In 1871, John H and Katherine Heckmann were still at York Hill, Loughton, as they were also in 1881. John Henry Heckmann of York Hill, Loughton, died on 11 Sep 1887. In 1891, widow, Catherine Heckmann was still living at York Hill, Loughton with two of her daughters, spinsters, Catherine (56) and Anna (43) and one servant. Catherine Heckmann died, aged 86, in 1898.

Lauriston Road, South Hackney
cc-by-sa/2.0 - © Bill Boaden - geograph.org.uk/p/4925674
St John of Jerusalem Church is behind.

Napoleon Joseph Heckmann (b. 1846), son of Johan Heinrich Heckmann and Catharina Boss, married Susie Lane at St John of Jerusalem, South Hackney, in 1879. Susie subsequently claims to be from High Beach (or High Beech), Essex, but I've not found any record for her birth and cannot identify her parents. 
Dr Septimus Swyer
In 1871, Napoleon Joseph Heckmann (25) 'wife's brother', had been living in the household of Septimus Swyer (35) at 32 Brick Lane, Spitalfields, Whitechapel. Dr Septimus Swyer, General Practitioner, had married Napoleon's sister, Agnes Christina Heckmann, in 1857. Much has already been written about this contentious character, from his apparent partnership with a medical fraudster Edward Morass who went under a number of aliases and his second wife's alleged bigamy, but most of all, in relation to Jack the Ripper, as a person of interest and a possible suspect. Circumstantially, at least. It's relevant, I feel, to mention that Septimus Swyer emigrated the United States and one of his sons emigrated to Australia and changed his name. 
In 1881, Napoleon Joseph Heckmann (36) Living on income, Susie (22) and son Napoleon J (1), with a Domestic servant and a Nurse, were at York Hill.

Archibald Carle Heckman was their second son, born 1883 S Quarter in EPPING Volume 04A Page 223 and baptised at High Beech, Essex on 4 Jun 1889.

Napoleon Joseph Heckmann died, at 45, in the first quarter of 1891 and was buried on 3 Mar 1891 at the Church of the Holy Innocents, High Beach

At the time of the 1891 census, Susie Heckmann (30) Widow, was Living on her own means, still at York Hill, Loughton with her two sons, Napoleon (11) and Archibald (7). There's a record of Susie Heckmann remarrying in the 4th quarter of 1893, in Holborn, London, but I've been unable to establish to whom.

If one were to follow every line, there might be more clues, but it's already clear there's a laundry list of circumstances and events that might be motivations for disappearance in this family and they have practice: I'm not hopeful.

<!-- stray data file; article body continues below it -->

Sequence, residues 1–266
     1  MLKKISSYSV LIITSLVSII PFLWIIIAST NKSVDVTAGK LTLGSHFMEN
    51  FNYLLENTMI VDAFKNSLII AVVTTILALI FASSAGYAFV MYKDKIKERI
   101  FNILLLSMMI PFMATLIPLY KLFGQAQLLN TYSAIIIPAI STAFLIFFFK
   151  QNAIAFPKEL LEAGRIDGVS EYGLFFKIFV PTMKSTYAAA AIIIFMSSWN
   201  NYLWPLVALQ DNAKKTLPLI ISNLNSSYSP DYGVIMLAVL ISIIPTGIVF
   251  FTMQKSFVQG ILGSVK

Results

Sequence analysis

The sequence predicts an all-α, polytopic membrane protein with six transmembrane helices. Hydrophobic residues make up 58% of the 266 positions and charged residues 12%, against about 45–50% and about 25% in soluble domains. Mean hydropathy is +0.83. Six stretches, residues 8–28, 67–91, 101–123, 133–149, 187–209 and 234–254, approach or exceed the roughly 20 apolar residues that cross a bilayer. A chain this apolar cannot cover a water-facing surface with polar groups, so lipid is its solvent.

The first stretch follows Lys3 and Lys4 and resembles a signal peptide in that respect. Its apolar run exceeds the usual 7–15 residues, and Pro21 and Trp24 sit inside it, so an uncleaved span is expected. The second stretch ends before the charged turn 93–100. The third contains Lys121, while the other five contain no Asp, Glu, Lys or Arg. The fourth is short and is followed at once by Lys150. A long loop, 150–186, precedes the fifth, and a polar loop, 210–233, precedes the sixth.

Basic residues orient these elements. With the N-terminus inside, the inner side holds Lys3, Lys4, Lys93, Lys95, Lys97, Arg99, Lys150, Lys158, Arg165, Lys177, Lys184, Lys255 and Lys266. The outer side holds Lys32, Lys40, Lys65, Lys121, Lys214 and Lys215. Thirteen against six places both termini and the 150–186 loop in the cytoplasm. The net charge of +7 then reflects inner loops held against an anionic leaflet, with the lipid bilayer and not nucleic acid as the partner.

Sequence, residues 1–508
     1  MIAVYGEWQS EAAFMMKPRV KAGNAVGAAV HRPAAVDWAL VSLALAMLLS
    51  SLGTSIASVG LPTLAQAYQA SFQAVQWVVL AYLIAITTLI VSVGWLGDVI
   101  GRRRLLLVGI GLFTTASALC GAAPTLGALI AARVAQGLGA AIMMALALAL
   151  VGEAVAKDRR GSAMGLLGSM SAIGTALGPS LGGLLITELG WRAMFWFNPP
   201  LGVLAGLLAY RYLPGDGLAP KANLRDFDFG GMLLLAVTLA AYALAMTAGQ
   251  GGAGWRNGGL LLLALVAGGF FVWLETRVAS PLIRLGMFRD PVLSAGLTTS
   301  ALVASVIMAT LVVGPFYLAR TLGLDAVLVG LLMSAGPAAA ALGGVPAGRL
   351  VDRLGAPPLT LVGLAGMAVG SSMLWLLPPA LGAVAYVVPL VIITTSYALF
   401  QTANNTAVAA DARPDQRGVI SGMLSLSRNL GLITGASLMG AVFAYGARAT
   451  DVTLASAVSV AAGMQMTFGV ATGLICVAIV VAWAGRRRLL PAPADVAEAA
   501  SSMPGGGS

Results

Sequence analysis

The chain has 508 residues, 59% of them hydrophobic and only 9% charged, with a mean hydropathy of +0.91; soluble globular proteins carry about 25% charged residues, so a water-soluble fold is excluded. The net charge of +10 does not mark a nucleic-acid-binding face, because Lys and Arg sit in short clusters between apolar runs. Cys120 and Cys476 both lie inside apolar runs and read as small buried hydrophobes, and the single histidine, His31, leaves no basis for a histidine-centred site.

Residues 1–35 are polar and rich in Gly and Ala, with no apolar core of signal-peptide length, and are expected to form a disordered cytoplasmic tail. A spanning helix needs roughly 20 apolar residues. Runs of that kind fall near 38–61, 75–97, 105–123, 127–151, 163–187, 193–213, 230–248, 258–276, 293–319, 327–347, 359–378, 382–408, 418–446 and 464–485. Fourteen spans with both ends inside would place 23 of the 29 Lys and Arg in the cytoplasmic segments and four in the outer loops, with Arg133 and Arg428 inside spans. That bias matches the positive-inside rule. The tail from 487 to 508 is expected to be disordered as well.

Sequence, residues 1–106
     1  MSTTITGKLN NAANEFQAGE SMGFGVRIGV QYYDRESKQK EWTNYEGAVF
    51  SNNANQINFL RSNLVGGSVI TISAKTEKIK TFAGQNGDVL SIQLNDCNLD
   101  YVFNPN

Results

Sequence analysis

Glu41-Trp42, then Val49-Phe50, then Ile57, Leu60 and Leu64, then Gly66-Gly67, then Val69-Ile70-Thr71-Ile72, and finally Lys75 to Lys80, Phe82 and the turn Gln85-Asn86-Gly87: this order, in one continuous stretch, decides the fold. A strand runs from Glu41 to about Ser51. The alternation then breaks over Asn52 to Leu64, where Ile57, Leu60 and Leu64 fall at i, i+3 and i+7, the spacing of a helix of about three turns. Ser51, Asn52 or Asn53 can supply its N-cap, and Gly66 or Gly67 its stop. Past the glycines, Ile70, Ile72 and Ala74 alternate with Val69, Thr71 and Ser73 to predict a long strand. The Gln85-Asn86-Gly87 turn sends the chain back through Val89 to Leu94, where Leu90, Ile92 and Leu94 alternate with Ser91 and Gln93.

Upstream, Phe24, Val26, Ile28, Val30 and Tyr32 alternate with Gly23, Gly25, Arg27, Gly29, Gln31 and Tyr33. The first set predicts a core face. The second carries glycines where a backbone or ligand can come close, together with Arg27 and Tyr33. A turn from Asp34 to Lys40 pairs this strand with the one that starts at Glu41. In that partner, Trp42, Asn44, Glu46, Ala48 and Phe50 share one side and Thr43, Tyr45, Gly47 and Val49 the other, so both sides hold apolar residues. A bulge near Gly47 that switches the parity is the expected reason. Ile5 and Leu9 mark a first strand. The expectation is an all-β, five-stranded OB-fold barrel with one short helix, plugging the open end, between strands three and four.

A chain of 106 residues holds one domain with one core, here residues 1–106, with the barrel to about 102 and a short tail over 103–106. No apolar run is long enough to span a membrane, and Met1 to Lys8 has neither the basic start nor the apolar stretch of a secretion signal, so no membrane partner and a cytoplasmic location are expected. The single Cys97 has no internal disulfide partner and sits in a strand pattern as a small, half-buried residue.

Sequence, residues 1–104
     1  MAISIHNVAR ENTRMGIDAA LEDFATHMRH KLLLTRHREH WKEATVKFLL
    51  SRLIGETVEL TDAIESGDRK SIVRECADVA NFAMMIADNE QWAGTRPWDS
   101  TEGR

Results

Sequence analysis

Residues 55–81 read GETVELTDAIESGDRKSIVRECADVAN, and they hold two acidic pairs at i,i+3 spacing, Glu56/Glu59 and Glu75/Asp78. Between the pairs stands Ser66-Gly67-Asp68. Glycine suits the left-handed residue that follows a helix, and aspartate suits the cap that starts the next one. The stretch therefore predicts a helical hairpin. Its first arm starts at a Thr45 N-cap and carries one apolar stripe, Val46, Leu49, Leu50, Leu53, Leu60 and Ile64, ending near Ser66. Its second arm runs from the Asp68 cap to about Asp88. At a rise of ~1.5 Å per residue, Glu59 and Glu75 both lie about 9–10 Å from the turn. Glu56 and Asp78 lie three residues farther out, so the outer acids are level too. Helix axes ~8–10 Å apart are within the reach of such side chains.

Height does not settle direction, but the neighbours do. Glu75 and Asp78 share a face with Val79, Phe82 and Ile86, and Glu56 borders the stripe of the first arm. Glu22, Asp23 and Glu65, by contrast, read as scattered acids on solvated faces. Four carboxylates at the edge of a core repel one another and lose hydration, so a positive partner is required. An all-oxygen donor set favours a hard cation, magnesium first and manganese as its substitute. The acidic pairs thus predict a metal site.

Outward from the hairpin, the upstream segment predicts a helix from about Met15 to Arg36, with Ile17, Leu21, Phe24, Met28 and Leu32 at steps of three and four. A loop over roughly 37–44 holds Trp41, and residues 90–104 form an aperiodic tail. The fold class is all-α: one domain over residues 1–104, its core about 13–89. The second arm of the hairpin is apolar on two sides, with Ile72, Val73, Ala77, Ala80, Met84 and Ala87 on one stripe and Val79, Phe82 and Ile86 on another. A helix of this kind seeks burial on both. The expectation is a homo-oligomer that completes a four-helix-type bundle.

Wednesday, 9 March 2022

James Henry Tubb and Susannah Bussey

HMNB Portsmouth and HMS Victory
cc-by-sa/2.0 - © David Dixon - geograph.org.uk/p/4091430

James Henry Tubb (b. 1 Apr 1834), son of William Tubb and Sarah Ruff - brother of Edward Tubb - married Susannah Bussey, daughter of Benjamin Bussey and Elizabeth Bowen - and sister of Hannah Bussey, on 10 Nov 1857, at the second (built 1843), St. Mary's Church, Portsea. (Not for the first time among my relatives that two brothers had married two sisters.)

James and Susannah had six children: 
  1. Sarah Elizabeth Tubb b. 1858 S Quarter in PORTSEA ISLAND Volume 02B Page 337, bap. 6 Feb 1859 at St Mary's Church, Portsea. (Sarah Elizabeth Tubb later married Alfred Burgess Tregurtha on 12 Feb 1883. Sarah died on 25 Feb 1946. They are both buried at Williamstown Cemetery.)
  2. James Alfred Tubb b. 24 Dec 1861, GRO Reference: 1862 M Quarter in PORTSEA ISLAND Volume 02B Page 424, bap. 23 Feb 1862 at St Mary's Church, Portsea. (James Alfred Tubb married Evelyn Winch. James Alfred Tubb died on  23 Nov 1918 (aged 56) and is buried at Williamstown CemeteryWilliamstown, Victoria, Australia.)
  3. William Henry Tubb b. 1863 D Quarter in SOUTHAMPTON Volume 02C Page 8, bap. 1 Jan 1865 at All Saints' Church, Southampton (regularly attended by author Jane Austen while she lived in Southampton and Pre-Raphaelite painter Sir John Everett Millais was baptised there.) Not included in the family grave in Australia, there was, however, a William Henry Tubb of the right vintage, who may have returned to Portsmouth.
  4. George Ernest Tubb b. 1866 J Quarter in SOUTH STONEHAM Volume 02C Page 65, bap. 8 Jul 1866, as George Emett Tubb, in Freemantle. He married Margaret Curtis, in Victoria, Australia in 1891. George Ernest Tubb, son of James Henry and Susan Tubb, died in Rylstone, New South Wales, in 1938.
  5. Nelly Tubb b. 1868 M Quarter in PORTSEA ISLAND Volume 02B Page 471. (Nelly Tubb married Walter Beverley Wood in Victoria, Australia, in 1890. Nelly Wood died, aged 25-26, on 12 Apr 1895.)